5 Changes We Want to See in Samsung's Galaxy S5

Samsung's most popular smartphone, the Galaxy S4, is about to get a significant update. CIO.com's Al Sacco shares five things Samsung could do to make the Galaxy S5 a significantly better smartphone than the GS4.

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Wed, February 19, 2014

CIO — Korean electronics giant Samsung is expected to unveil the next version of its popular Galaxy S series smartphone, the GS5, next Monday at media events in Barcelona and New York City. The company sent invites two weeks ago to the main Mobile World Congress event in Spain, and the smaller Manhattan simulcast event, and though it did not expressly state that the Galaxy S5 will be announced, the company's use of the number 5 on the invites seems to point to the GS5. Rumors also suggest the "Galaxy Gear 2" smartwatch -- or whatever Samsung decides to call its next-generation watch -- will also make an appearance.


 Invite to Samsung's Unpacked5 Event
Invite to Samsung's Unpacked5 Event

The Internet saw no shortage of speculation around the new Galaxy S5 during the past weeks and months, particularly after Samsung's invites were distributed. (Check out this GS5 rumor roundup for a quick look at the ones that seem most likely.)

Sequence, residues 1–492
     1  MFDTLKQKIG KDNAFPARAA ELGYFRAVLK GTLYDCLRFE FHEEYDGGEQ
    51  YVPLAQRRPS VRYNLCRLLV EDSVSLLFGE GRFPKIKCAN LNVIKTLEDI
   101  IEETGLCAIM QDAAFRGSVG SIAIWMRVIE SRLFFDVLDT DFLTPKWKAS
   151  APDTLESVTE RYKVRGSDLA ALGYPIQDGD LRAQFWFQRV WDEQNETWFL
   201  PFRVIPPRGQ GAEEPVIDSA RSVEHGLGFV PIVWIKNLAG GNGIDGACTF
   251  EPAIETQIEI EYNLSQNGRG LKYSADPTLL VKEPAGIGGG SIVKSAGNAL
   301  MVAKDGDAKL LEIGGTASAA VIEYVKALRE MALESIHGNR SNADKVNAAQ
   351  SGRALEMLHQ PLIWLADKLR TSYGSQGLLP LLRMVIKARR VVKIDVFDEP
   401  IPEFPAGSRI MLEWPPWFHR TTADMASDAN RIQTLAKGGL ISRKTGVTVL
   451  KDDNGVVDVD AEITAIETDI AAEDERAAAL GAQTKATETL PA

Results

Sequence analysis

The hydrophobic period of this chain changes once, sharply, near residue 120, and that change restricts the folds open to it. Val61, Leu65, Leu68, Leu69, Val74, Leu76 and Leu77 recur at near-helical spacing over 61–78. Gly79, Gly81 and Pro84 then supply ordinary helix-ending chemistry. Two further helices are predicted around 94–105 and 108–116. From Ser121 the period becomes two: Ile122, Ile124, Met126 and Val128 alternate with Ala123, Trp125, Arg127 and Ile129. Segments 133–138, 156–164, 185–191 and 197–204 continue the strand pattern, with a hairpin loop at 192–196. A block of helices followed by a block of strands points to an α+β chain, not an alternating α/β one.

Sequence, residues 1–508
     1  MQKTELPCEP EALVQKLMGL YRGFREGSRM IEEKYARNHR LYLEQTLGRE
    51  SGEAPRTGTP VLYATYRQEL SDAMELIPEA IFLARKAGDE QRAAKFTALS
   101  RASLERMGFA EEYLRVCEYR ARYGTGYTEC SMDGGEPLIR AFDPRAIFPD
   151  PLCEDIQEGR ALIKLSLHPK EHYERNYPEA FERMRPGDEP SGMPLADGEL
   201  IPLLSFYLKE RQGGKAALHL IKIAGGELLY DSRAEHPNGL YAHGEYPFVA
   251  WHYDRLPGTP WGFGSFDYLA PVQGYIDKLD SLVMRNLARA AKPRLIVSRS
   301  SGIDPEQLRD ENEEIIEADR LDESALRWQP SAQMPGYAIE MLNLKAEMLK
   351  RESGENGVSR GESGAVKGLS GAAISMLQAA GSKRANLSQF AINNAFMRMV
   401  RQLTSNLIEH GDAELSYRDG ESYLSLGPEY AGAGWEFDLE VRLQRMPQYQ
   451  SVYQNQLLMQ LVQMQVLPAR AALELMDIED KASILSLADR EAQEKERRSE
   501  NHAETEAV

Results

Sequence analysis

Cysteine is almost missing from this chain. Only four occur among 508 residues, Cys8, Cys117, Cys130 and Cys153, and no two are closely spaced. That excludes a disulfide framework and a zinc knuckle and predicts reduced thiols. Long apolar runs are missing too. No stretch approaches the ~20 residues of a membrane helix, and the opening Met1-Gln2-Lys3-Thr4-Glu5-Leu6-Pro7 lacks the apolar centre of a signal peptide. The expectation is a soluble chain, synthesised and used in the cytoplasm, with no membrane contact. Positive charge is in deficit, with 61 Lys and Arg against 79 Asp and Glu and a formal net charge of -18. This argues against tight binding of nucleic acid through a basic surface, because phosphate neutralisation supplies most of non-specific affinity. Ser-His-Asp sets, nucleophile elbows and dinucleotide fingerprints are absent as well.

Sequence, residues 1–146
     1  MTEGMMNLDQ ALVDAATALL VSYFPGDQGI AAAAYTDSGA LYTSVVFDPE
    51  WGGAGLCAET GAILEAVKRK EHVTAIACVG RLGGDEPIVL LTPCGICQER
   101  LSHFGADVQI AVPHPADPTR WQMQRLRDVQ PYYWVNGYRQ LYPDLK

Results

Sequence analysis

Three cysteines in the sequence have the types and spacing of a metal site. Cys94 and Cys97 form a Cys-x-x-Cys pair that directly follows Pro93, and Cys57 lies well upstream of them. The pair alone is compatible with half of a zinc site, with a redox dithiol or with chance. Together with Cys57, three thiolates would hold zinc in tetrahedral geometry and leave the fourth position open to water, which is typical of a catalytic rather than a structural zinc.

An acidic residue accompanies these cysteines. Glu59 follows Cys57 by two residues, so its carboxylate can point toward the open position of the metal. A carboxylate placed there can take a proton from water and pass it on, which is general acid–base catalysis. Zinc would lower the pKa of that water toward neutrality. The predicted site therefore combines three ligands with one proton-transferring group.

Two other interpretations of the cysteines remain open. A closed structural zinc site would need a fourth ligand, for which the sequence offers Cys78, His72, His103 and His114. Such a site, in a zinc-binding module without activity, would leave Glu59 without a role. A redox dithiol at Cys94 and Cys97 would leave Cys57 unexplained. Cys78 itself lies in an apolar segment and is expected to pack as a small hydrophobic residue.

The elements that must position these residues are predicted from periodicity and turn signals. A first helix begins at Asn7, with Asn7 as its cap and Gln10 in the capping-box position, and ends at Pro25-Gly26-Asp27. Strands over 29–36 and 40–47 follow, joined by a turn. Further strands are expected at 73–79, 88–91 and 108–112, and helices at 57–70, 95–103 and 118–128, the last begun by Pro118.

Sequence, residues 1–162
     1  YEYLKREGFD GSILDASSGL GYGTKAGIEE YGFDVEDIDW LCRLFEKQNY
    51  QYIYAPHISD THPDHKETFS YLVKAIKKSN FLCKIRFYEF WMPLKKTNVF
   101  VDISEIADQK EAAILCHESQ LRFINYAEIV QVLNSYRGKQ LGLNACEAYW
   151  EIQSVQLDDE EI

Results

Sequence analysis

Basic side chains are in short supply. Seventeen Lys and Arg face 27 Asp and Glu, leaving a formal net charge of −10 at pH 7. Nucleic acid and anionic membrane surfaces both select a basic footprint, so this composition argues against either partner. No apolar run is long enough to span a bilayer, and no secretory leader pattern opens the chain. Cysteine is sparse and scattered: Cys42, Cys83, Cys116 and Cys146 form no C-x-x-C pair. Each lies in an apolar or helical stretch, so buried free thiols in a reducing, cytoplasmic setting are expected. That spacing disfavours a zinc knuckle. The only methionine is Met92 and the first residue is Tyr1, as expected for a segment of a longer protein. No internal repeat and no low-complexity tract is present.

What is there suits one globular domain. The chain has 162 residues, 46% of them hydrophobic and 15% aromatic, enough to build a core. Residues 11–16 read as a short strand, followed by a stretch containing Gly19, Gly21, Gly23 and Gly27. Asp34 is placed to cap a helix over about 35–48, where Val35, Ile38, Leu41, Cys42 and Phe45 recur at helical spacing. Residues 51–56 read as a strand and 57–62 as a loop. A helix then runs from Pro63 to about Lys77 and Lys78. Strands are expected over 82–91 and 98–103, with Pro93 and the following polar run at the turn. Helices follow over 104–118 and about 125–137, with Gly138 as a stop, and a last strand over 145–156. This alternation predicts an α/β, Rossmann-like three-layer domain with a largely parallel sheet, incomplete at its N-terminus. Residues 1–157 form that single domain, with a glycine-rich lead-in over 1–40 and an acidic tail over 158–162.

Ever since I received my invite to the "Samsung Unpacked 2014 Episode 1" event, I've been looking closely at my Galaxy S4 smartphone, trying to identify the features and functionality -- or lack thereof -- that bother me the most, that I want to see improved in the GS5. I came up with the following list.

1) Big Improvements Over the Galaxy S4 Camera

My biggest complaint about the Galaxy S4 is that its camera pales in comparison to other high-end devices on the market today. It's not the worst smartphone camera, but it's a far cry from the best.

I carry a minimum of two phones, and I switch devices fairly often. The devices I use most frequently are the Galaxy S4 and the iPhone 5S. If I have both devices on me and I want to capture an image, I always grab the iPhone. I've had a lot of time to compare the two, and though the Galaxy S4 has many more extraneous camera features and "modes," the iPhone 5s consistently captures better images, due largely to its superior light sensor. The Galaxy S4 camera actually captures more megapixels (13MP) than the iPhone (8MP), which just goes to show that more megapixels do not a better camera make.

The good news is that rumors suggest the GS5 should have a much better camera with a brand new ISOCELL sensor, which Samsung itself reportedly mentioned in the past. There's a ton of room for improvement in the GS4's camera, and I'll be disappointed if the GS5 doesn't significant step up the Galaxy S game.

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